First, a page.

The Pasttimes of Presidents
The Pasttimes of Presidents

The Pasttimes of Presidents

Larry Holzwarth - October 25, 2019

The Pasttimes of Presidents
President and Mrs. Hoover at Camp Rapidan in Virginia, which they had built. Library of Congress

18. Herbert Hoover built the first presidential retreat in Virginia

Herbert Hoover was a successful and wealthy mining engineer and entrepreneur before he entered public service, and in that role, he learned to love camping and fishing. As president, he wanted a site not too far from Washington where he could relax and take his ease. Virginia’s Shenandoah region beckoned, and Hoover purchased a tract on the eastern side of the Blue Ridge Mountains. Hoover paid for the land with his own money and intended to pay for the construction of the 13 buildings it would grow to, but in the end, he allowed the US Marine Corps to erect the facility as part of their training.

Camp Rapidan it was called, and Hoover used it for extended breaks from the heat and humidity of a Washington summer, while remaining in contact with the government. The president relaxed by fishing, riding, and simply enjoying the views at the rustic site. Hoover donated the camp to the Commonwealth of Virginia before leaving office in 1933, with the expressed hope that it would continue to be used as a summer retreat for the president. His successor, FDR, found the site too rugged to be navigated by his wheelchair.

The Pasttimes of Presidents
The Oval Office as it appeared during the long presidency of Franklin Roosevelt. Library of Congress

19. Franklin Roosevelt built a formidable stamp collection

Before polio took away his use of his legs, Franklin Delano Roosevelt was a dedicated athlete, swimming, playing golf and tennis, and other sports. He continued to swim after recovering from the first attack of polio, in the belief that it would help strengthen his legs. But his favorite hobby, one on which he worked nearly every day, was his stamp collection. He relaxed with it in the Oval Office, in his private study, while traveling on Navy ships and the Presidential yacht, and whenever he had a bit of spare time to give it his attention. He began collecting stamps at the age of eight. He continued to the day he died.

Roosevelt wasn’t concerned with the financial value of the stamps he collected. He treasured his hobby because the stamps reflected both history and geography, subjects of lifelong interest. Roosevelt cheerfully admitted that nearly 80% of his collection had no particular value at all, calling the stamps “scrap”. By the time of his death in April, 1945, his collection included 1.2 million stamps, all categorized and collated with meticulous care. After his death, the collection was sold at auction, with the stamps given to him officially by foreign governments retained. They are now in the Roosevelt Library.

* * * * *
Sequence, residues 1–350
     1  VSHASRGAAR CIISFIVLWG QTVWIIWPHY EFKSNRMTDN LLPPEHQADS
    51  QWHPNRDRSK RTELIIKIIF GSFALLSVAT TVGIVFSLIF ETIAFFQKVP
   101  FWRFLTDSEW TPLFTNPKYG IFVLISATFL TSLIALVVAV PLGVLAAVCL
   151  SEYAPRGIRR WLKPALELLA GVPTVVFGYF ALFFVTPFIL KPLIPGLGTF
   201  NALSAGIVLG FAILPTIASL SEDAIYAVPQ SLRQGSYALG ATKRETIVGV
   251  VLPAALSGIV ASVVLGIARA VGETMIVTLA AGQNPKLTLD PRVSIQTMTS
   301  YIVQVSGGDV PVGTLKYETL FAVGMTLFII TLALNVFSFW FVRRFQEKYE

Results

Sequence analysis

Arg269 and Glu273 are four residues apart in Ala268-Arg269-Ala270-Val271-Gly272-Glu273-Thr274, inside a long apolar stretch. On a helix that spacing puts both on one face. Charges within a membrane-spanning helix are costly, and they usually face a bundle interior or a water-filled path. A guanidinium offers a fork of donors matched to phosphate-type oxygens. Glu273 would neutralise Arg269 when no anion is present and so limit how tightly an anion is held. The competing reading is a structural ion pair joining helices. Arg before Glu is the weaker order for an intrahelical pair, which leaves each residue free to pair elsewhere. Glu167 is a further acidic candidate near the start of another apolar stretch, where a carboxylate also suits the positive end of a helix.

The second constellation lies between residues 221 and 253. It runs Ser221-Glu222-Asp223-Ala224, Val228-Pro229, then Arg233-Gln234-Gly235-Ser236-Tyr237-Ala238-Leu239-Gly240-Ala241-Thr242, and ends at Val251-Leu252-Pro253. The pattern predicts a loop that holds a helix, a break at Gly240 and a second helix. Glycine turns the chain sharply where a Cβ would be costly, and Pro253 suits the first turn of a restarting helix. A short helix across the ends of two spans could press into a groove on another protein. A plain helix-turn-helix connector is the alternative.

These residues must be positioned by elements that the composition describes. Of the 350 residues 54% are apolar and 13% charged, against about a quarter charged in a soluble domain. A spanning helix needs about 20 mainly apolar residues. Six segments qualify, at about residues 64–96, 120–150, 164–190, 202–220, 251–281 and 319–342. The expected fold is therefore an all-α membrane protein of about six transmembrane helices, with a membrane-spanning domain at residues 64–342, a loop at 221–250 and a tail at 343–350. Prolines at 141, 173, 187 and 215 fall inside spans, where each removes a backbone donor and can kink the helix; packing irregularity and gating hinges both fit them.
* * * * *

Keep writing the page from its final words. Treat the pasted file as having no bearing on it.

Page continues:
The Pasttimes of Presidents
Harry Truman relaxed by playing poker, the piano, and by leading the press on long walks. White House

20. Truman enjoyed walking and playing poker and the piano

Harry Truman, like other presidents before him, was a dedicated poker player, which he enjoyed as relaxation at the White House, aboard his yacht USS Williamsburg, and at his preferred presidential retreat, the Little White House at Key West. His famous sign reading The Buck Stops Here referred not to the dollar, but to the buck passed between dealers in a poker game. Truman also enjoyed bourbon during his playing (and at other times throughout the day), and was reportedly a good, but not a great player. Truman and his playing cronies once had Winston Churchill as a guest in their game.

Churchill lost steadily, to the point where the president directed the other players during break to give the Englishman a break and let him win a few hands. Besides playing poker, Truman also played the piano, and enjoyed performing before an audience from time to time. His most famous means of recreation was his fondness for brisk walks, often with a train of reporters struggling to record the president’s thoughts and keep up with his pace. Truman enjoyed deep sea fishing while at Key West, but more for the camaraderie involved than the taking of game fish.

The Pasttimes of Presidents
In this 1954 letter the president boasted about his golf game and mentioned looking forward to playing bridge. National Archives

21. Eisenhower was the president most associated with golf for many years

Dwight Eisenhower enjoyed golf before his presidency, and it became his favorite form of recreation while he occupied the White House. He played as frequently as he could, and it was he who built a putting green on the White House Lawn. But golf was far from the president’s only form of relaxation. He too enjoyed playing cards, but it was the game of bridge, rather than poker, to which he took a fancy. Eisenhower made it a requirement of his staff officers during the Second World War that they are able to play bridge, and play it well. One bridge expert played at the White House and reported that Ike played bridge better than he did golf.

Eisenhower also enjoyed painting, creating over 250 oil paintings beginning with his association with Columbia University in 1948. He painted a few portraits, but the majority of his paintings were landscapes. Eisenhower also enjoyed grilling while visiting Camp David and while at the White House, usually grilling thick steaks for family and guests, using his own special seasonings. When he read for relaxation he preferred western novels, with those of Zane Grey a particular favorite. After retiring to his Gettysburg farm Ike raised prize-winning cattle.

The Pasttimes of Presidents
JFK and family at their summer home in Hyannisport in the summer of 1962. JFK Library

22. Jack Kennedy preferred swimming, sailing, and smoking cigars

President Kennedy loved the water his entire life and spent as much of his time as he could either on or in it. He came from an athletic family, but problems with his back limited his ability to participate too strenuously in the famous touch football games at the Kennedy compound. He did play golf as president, not as often as his predecessor, but according to some, he was a better player than Eisenhower. But it was to the water he turned for relaxation, sometimes sailing himself in family-owned boats and yachts, and often aboard the official Presidential Yacht, USS Sequoia. He also used the Honey Fitz.